"Alexa, show me an example of someone who clearly doesn't understand how cyber operations work."
Let's go, point by point:
1. A compound, effects-inducing computer network attack (CNA) operation to take down our electrical grid is not "a few mouse clicks" or a "few seconds" of work. And the US clearly has the ability to retaliate, suggesting potential deterrents.
2. The failure of the Florida water treatment hack to manifest impacts on the population wasn't based on luck. The actor clearly did not know how to mitigate other safeguards that would've backed up the employee who detected the changes.
3. If you ask me, the fact that recent supply chain compromise activity allegedly leveraged US-based infrastructure is the kind of detail that only talking heads who are ignorant of how both intel collection and malicious activity detection work would freak out about.
3-1. Yes, US-based infrastructure does limit USG collection on that infrastructure. But our intel collection enterprise is focused on foreign actors - the ideal goal is for HUMINT/SIGINT is to find such ops in their planning stages, but whatever.
4. Ah finally we reached the "bUt wHaT iF iT hAd BeEn DeStRuCtiv3?" straw man, where those who don't understand how operations work decide to frame demonstrable CNE as potential CNA to get attention and spread FUD.
4-1. IMHO if you know what to look for, there are reasonably higher-fidelity indicators to enable you to differentiate between CNE/CNA intent in activity. USG has said "we believe this was, and continues to be, an intelligence gathering effort."
5. "we need to be hardening our defenses now and offering a credible deterrent"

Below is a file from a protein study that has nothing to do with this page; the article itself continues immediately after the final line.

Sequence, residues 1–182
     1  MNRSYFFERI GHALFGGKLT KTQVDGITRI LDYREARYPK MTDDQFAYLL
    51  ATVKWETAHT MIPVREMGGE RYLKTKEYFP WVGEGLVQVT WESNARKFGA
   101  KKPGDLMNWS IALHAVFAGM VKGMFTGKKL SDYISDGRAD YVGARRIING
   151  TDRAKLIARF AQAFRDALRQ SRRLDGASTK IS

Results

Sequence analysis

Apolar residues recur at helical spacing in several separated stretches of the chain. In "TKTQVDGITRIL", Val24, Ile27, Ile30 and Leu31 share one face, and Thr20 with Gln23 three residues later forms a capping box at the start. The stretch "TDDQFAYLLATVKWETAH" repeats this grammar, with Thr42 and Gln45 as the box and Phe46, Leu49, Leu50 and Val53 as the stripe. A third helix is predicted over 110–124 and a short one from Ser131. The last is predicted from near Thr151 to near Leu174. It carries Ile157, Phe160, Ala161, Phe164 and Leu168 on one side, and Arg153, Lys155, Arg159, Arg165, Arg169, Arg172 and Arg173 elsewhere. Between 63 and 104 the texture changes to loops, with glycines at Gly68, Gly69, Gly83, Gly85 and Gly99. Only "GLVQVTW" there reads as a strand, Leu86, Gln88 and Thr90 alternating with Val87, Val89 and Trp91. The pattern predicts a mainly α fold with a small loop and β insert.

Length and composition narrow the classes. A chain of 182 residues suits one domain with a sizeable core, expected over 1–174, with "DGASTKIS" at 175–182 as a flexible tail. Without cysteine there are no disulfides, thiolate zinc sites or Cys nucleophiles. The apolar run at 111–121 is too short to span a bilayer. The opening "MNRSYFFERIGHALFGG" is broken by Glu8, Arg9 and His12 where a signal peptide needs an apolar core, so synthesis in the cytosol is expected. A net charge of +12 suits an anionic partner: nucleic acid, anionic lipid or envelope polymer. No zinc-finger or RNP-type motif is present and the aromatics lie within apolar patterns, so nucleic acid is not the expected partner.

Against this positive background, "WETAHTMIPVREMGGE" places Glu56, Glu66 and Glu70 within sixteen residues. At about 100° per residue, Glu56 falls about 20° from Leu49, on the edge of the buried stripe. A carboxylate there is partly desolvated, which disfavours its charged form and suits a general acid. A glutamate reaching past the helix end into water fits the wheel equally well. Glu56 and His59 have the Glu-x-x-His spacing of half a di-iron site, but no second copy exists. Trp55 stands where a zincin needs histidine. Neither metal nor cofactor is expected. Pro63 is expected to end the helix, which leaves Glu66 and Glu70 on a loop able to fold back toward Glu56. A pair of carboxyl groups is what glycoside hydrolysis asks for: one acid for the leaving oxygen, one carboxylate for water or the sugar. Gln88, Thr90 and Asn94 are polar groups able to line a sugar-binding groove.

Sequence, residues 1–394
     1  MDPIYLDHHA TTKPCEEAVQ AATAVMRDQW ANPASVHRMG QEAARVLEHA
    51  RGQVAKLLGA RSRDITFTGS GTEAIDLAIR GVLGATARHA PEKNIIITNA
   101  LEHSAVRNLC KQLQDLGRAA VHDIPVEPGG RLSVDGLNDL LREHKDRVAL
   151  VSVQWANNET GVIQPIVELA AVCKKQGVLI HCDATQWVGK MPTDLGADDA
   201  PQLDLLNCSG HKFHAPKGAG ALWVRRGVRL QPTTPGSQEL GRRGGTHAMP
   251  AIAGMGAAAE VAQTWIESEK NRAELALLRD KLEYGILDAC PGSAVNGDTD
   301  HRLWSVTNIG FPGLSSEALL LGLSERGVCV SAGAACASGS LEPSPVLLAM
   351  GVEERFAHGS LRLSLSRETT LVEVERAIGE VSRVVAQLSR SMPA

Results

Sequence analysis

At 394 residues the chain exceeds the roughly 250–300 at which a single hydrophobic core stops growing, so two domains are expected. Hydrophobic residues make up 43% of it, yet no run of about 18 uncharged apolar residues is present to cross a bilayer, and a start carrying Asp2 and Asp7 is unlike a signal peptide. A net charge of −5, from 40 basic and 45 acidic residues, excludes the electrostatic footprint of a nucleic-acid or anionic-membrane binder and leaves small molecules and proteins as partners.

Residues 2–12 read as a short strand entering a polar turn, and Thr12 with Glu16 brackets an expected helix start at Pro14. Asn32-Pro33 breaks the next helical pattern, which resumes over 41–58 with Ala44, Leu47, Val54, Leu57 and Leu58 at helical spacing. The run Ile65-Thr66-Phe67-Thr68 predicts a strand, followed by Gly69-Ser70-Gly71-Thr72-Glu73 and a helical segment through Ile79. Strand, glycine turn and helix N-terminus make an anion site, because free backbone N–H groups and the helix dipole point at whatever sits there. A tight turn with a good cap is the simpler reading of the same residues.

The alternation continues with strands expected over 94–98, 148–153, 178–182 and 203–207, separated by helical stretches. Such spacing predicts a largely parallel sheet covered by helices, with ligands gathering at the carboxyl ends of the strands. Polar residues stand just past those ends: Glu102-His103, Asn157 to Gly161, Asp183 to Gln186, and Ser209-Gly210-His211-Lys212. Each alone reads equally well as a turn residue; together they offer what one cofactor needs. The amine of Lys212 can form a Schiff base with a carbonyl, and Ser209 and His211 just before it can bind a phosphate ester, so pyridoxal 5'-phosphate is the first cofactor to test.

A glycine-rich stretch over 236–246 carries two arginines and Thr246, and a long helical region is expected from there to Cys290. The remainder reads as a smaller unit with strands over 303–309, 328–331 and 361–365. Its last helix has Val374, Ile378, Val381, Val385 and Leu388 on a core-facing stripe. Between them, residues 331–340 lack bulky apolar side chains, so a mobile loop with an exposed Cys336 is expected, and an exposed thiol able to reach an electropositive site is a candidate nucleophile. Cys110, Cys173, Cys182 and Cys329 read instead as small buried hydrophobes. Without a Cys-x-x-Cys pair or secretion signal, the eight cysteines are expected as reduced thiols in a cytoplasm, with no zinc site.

I agree on the defense point, actually. But as to the deterrent point -- CNA is the maybe the only place where we can hope to, and may already have, deterred peer-targeting.
6. The call to action towards the end of this piece is actually pretty reasonable. But the argument it makes to get there is based on FUD and a misrepresentation of how adversaries conduct cyber operations. I'm all for better defense, but let's get there grounded in reality.

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More from @WylieNewmark

22 Feb
name a more iconic duo, i’ll wait
ritter checks his watch almost immediately during ryan’s briefing. powerful DDO energy.
his first line, dismissively delivered to a bewildered and grieving POTUS: “Nothing exotic, sir. Straight piracy and murder. It’s not the first time.”

the stones on this guy.
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10 Feb
Happening right now -- already deeply pleased to hear Sue Gordon advocate greater intelligence sharing w/r/t the intent of hostile cyber actors and the necessity of "ruthlessly bringing [malicious activity] into the light."
homeland.house.gov/activities/hea…
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This kind of thing is not going to fly. A demonstrable intelligence failure - especially when social media tracking published by outlets like Bellingcat and BuzzFeed News make clear that if you wanted to collect on this via those platforms, you could just open wide and scoop....
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22 Dec 20
While the first installment of this series focused on how China identified and redressed core issues in its counterintelligence posture, the second primarily shows the consequences of that reversal: namely, a reduction in insight available from intelligence for USG. (1/5)
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Read 6 tweets
22 Aug 20
Given that Debbins appears to be a "true believer" in the cause of Russian nationalism, his public commentaries on security matters offer a unique pool of data against which to evaluate his thinking and actions.
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web.archive.org/web/2015040420…
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web.archive.org/web/2020082121…
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30 Jul 20
"espionage norms are such a weird nuanced place, that, it amazes me that people think cyber espionage can have a regular old norms framework" - @jckichen

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